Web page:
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Why BlackBerry’s CEO says he’s making an Android phone

September 25, 2015, 5:18 PM UTC
Google 15th birthday
Google 15th birthday. A BlackBerry phone showing the Google search engine home page as the internet giant celebrates it's 15th birthday today. Picture date: Wednesday September 4, 2013. The firm has come a long way since September 4 1998, when it was incorporated by founders Larry Page and Sergey Brin, who had met at university three years previously. It was originally called BackRub, but they eventually settled on the name for the website that has become synonymous with internet searching today - so much so that it is used as a verb in its own right. See PA story TECHNOLOGY Google. Photo credit should read: Chris Radburn/PA Wire URN:17491205
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After much speculation and hopes that BlackBerry would release an Android phone, the struggling business device maker finally caved to the pressure on Friday, announcing a new smartphone that runs on Google’s app-friendly operating system instead of BlackBerry’s increasingly obsolete software.

BlackBerry (BBRY) CEO John Chen explained in a CNBC op-ed why he had ultimately decided to make the Android smartphone, called Priv, after long insisting that the company was “committed” to its own operating system.

“For those restraining excitement until rumors became reality — the day has come,” Chen wrote in the article, acknowledging that some people would react “to this news with surprise.” He explained, “Priv will be the answer for former BlackBerry users who miss the physical keyboard but needed apps.”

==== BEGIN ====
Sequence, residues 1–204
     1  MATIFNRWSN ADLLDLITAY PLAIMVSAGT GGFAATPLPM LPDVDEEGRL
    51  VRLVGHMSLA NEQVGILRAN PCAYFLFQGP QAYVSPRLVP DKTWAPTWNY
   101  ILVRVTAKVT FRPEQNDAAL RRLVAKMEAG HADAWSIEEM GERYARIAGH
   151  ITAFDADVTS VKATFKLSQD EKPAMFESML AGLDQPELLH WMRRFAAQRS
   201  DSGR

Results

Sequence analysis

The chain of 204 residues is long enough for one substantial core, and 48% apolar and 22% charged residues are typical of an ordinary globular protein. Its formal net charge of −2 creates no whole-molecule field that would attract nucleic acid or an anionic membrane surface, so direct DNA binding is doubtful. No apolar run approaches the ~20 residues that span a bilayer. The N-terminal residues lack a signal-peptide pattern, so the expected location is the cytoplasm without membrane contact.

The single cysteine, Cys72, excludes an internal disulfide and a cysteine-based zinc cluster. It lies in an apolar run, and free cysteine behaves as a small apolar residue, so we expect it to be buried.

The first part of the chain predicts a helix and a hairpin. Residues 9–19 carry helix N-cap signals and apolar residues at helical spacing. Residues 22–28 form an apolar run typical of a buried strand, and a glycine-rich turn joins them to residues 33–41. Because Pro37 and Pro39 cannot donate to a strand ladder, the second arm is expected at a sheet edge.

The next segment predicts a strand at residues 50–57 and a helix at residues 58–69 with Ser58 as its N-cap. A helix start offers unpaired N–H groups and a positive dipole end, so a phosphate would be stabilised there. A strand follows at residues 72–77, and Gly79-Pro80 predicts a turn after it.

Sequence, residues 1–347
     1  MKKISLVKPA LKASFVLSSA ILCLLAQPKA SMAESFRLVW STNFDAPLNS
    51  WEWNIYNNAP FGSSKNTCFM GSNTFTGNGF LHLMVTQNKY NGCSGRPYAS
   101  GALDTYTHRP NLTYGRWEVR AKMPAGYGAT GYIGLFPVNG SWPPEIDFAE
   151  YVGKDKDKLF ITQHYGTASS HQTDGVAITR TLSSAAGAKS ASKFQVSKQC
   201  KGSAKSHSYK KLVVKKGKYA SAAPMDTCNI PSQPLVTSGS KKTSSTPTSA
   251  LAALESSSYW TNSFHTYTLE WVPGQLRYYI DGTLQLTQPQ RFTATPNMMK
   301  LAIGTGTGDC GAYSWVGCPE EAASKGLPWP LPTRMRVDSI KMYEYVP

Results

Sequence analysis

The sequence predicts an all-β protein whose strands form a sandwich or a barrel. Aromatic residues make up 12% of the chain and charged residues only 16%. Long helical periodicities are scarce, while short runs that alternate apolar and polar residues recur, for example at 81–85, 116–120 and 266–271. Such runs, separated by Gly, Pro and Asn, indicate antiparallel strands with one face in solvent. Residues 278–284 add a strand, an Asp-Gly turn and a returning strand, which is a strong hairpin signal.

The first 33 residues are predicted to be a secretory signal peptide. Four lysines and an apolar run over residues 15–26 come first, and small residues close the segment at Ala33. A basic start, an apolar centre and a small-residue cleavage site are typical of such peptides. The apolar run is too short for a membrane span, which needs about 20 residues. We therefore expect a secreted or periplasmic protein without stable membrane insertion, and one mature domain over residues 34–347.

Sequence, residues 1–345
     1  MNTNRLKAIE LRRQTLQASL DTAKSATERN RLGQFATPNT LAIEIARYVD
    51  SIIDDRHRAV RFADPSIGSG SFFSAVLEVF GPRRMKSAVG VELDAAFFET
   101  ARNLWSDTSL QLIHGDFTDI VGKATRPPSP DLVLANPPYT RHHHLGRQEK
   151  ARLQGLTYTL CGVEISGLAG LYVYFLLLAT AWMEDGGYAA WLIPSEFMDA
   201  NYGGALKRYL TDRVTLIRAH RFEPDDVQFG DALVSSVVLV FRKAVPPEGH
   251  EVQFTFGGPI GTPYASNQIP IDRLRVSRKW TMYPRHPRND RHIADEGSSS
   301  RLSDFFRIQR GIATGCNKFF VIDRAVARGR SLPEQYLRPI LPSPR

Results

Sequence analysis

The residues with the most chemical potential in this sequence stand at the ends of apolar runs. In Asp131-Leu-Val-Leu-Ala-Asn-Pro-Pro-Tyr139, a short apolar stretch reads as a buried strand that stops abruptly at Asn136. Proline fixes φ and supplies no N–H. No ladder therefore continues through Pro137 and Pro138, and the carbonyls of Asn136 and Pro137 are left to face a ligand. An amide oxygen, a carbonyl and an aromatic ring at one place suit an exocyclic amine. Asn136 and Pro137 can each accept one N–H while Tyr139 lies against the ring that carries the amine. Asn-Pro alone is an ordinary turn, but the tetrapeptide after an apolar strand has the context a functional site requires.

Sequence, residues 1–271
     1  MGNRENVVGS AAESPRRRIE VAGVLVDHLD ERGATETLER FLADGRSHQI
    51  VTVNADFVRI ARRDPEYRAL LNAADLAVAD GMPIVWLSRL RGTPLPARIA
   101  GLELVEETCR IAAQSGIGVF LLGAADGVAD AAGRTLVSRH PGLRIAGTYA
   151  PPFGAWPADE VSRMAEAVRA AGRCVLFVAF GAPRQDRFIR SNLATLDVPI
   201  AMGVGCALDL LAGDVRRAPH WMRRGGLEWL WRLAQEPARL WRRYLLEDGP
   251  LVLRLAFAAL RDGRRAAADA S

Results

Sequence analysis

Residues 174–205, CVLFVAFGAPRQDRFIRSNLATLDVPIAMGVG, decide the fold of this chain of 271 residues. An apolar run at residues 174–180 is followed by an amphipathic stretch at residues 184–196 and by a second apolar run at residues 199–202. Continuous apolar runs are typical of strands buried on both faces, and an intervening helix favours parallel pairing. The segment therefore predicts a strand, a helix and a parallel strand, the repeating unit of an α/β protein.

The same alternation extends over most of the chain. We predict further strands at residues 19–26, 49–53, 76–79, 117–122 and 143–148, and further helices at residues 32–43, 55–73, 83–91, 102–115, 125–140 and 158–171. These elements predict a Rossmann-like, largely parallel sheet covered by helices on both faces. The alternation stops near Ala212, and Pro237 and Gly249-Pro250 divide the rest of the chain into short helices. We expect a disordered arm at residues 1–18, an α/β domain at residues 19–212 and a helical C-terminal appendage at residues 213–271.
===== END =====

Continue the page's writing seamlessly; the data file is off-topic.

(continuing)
Chen emphasized the security protections with Google’s (GOOG) Android platform, writing that “in today’s hectic world, where cyber threats are real for everyone…Priv will be the solution for smartphone users who are learning daily of the lack of privacy they have on their current devices.”

But BlackBerry will not abandon its legacy operating system entirely: “I want to be clear: fans of BlackBerry’s workhorse BlackBerry 10 smartphones can continue to depend on us,” Chen said, citing “continued demand” for its older “flagship” products. “They’re not going away.”

And to the many observers who declared BlackBerry nearly dead long ago, he stressed that the reports of its death have been greatly exaggerated, expressing optimism in its new strategy:

For nearly two years now, I’ve been telling you how we would transform the iconic BlackBerry brand into a true software powerhouse. We’re doing this by integrating our strength in building the most secure software and network and embedding it into a one-of-a-kind form factor.

BlackBerry is a new company. We have new life. And we plan to continue to surprise our customers and the industry. This is just the latest move along that path.